On 7 August 2014 ITV will publish an e-book, Kate Parry Frye: The Long Life of an Edwardian Actress and Suffragette. Based on her prodigious diary, this is my account of Kate Frye’s life and is a tie-in with the forthcoming ITV series ‘The Great War: The People’s Story’. For details of the TV series and its accompanying books see here.
As a lead-up to publication I thought I’d share with you some entries from Kate’s diary from the month before the outbreak of war. Through her day-to-day experience we can see how the war stole up on one Everywoman.
Kate was at this time 36 years old, living in a room at 49 Claverton Street in Pimlico and working in the Knightsbridge headquarters of the New Constitutional Society for Women’s Suffrage. It was now nine years since she had become engaged to (minor) actor John Collins. Her father died in March 1914 and her mother and sister, Agnes, now all but penniless, are living in rented rooms in Worthing.
For the previous few weeks Kate’s fiancé, John Collins, had been renting a room in another house in Claverton Street but he has now left for the West Country, to take up a position with a touring repertory company. Kate is feeling rather bereft.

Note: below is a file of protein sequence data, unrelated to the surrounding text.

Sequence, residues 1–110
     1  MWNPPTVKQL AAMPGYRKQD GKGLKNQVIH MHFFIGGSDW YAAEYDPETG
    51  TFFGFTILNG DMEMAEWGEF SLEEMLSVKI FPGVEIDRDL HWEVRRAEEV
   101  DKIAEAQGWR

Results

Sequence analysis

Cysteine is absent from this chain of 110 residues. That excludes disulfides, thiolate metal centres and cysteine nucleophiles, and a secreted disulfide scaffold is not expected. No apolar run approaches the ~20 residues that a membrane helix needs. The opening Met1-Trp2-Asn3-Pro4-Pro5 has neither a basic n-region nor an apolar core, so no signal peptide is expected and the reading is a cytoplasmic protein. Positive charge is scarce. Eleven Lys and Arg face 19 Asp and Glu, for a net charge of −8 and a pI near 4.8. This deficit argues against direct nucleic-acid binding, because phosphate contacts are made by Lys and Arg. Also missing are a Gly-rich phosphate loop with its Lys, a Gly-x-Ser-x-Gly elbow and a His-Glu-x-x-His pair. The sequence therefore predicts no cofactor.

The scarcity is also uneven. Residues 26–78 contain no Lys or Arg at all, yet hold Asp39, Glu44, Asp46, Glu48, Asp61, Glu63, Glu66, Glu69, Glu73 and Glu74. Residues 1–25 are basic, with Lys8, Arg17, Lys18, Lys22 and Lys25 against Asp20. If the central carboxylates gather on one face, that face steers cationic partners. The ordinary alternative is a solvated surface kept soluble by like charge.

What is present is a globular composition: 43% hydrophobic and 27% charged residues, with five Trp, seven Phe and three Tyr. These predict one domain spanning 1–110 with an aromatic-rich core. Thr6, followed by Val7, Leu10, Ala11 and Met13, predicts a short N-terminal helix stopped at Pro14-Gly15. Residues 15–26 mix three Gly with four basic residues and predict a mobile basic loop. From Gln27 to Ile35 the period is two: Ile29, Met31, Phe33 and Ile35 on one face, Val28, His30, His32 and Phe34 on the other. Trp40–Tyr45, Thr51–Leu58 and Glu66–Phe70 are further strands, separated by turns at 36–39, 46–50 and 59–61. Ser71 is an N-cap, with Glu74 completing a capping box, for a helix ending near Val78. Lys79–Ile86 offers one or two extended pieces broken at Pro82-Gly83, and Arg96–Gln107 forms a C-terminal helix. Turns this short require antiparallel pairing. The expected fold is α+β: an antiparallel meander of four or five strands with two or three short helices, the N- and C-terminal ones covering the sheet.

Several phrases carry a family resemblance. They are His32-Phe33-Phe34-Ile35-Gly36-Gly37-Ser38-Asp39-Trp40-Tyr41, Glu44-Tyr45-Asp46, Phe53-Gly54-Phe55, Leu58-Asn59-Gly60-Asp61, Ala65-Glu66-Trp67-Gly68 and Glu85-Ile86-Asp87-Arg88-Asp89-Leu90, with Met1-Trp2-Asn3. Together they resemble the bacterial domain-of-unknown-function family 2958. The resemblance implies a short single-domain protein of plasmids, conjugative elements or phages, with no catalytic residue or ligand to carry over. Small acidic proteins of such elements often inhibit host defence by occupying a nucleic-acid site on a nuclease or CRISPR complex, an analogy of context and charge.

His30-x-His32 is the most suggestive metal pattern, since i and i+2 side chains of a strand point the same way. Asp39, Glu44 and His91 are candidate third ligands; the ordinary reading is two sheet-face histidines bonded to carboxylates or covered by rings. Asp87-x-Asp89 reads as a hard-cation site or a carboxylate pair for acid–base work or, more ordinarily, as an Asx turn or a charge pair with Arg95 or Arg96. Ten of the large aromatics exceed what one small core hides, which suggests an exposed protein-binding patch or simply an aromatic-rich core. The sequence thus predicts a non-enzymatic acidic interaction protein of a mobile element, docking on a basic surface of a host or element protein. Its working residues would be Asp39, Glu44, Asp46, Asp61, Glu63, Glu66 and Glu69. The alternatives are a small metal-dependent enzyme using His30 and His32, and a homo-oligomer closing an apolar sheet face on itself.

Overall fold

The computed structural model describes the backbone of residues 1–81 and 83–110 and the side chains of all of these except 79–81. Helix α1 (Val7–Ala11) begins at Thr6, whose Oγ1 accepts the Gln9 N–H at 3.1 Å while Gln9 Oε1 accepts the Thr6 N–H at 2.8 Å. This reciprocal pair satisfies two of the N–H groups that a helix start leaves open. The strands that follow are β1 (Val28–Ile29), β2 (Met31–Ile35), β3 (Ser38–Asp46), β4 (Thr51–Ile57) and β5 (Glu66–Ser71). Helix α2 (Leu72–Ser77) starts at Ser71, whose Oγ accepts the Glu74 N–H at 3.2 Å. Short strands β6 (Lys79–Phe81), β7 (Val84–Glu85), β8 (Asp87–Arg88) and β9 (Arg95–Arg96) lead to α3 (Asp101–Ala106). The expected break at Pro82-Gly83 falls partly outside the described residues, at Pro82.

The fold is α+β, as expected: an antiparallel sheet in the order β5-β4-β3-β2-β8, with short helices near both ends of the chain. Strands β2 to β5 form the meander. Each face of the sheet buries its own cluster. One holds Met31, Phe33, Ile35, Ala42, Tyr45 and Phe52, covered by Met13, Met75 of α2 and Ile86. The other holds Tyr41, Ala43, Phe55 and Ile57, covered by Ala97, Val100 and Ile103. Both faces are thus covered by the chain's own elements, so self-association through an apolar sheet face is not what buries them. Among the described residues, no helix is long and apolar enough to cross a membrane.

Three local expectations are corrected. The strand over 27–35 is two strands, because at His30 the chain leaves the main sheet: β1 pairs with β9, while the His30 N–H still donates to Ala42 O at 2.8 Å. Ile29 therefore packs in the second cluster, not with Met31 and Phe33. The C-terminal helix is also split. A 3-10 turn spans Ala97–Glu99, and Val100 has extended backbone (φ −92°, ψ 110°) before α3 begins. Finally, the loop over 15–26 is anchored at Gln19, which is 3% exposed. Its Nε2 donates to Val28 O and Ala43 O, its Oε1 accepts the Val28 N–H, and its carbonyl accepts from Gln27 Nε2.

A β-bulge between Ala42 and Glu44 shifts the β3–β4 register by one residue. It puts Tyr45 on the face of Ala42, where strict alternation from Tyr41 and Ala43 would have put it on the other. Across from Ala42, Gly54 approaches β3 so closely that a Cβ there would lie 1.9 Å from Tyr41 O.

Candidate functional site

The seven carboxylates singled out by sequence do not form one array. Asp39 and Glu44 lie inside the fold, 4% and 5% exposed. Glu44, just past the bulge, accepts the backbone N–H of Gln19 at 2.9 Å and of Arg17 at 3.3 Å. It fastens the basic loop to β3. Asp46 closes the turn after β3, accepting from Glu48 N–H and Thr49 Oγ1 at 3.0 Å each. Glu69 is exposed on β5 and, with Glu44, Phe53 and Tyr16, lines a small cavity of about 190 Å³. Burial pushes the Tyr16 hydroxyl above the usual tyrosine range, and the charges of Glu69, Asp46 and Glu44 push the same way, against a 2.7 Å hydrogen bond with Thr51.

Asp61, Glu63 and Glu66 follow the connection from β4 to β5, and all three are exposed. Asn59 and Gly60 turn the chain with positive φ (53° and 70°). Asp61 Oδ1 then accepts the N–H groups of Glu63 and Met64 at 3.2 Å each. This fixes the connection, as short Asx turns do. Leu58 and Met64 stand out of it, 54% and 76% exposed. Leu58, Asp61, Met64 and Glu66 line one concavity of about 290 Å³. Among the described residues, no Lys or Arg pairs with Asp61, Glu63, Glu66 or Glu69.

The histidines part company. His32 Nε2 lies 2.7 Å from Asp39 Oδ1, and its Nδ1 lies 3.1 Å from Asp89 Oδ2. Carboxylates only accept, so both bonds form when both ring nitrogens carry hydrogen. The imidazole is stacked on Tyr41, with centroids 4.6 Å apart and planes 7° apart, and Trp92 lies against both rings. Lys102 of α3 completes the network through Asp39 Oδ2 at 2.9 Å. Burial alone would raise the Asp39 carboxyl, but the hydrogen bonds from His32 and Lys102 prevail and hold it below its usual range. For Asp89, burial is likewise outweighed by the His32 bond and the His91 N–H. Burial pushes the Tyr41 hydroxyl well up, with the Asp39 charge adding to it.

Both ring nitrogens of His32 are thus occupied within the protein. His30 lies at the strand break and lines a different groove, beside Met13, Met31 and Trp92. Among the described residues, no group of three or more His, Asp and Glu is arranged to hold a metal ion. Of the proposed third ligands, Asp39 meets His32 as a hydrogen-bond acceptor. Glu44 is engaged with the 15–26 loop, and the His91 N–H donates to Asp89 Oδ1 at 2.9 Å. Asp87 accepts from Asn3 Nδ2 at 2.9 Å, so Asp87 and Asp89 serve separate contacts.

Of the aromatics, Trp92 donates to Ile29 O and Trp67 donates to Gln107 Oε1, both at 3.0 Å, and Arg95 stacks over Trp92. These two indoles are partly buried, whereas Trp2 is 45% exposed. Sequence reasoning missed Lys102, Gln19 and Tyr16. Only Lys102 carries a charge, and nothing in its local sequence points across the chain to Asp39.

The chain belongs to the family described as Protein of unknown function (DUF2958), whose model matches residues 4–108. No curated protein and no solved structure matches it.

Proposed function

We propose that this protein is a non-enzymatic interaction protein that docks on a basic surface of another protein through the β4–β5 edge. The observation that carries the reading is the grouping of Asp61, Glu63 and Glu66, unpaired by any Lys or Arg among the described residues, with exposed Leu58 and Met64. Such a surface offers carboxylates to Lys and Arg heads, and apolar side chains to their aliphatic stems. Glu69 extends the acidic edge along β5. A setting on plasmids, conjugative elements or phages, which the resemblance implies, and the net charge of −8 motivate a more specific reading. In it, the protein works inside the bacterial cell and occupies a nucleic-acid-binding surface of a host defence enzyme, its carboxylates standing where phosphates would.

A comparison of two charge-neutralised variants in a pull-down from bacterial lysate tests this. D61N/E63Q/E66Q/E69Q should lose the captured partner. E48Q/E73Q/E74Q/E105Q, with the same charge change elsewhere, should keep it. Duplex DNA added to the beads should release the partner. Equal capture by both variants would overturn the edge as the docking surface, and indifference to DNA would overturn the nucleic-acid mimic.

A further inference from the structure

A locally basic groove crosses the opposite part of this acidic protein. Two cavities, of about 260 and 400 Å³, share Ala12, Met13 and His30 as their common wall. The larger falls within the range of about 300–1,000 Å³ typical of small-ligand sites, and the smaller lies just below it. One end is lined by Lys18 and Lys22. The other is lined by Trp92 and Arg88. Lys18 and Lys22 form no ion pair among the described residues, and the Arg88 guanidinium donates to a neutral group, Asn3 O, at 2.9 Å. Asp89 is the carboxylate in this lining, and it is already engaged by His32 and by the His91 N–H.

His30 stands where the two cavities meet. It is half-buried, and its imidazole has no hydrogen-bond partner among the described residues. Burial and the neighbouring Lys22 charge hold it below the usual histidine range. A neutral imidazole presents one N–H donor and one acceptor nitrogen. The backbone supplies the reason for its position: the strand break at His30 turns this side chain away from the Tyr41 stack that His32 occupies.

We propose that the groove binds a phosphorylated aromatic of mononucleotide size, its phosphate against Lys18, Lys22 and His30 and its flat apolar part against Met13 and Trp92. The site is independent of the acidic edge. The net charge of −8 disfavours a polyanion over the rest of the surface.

Tuesday July 21st 1914
A very close day. Up late and did lots of jobs. Out 1.30 – lunch at Slaters and then to the Office where I worked until 5.30. Walked to Hyde Park Corner, then a bus to Victoria. Shopped and walked from there.
Started writing, dinner at 8 and more writing again. It does seem strange without John. He was arrived safely at Weston.
A most uncharacteristically short diary entry. A sultry day in London, uneventful hours at the Office. I’m sure we all know days like this .Working at the New Constitutional Society for Women’s Suffrage headquarters did not involve such a variety of thrills and spills as Kate had enjoyed/endured while organizing for them in the provinces. With the outbreak of war, however, life in the NCS Office would soon be very different – with Kate playing a leading role.
But I’m glad that this evening, back in her lonely room in Claverton Street, Kate felt sufficiently energized to begin some ‘writing’. Not letters, I think – she may have been making a start on a new play.
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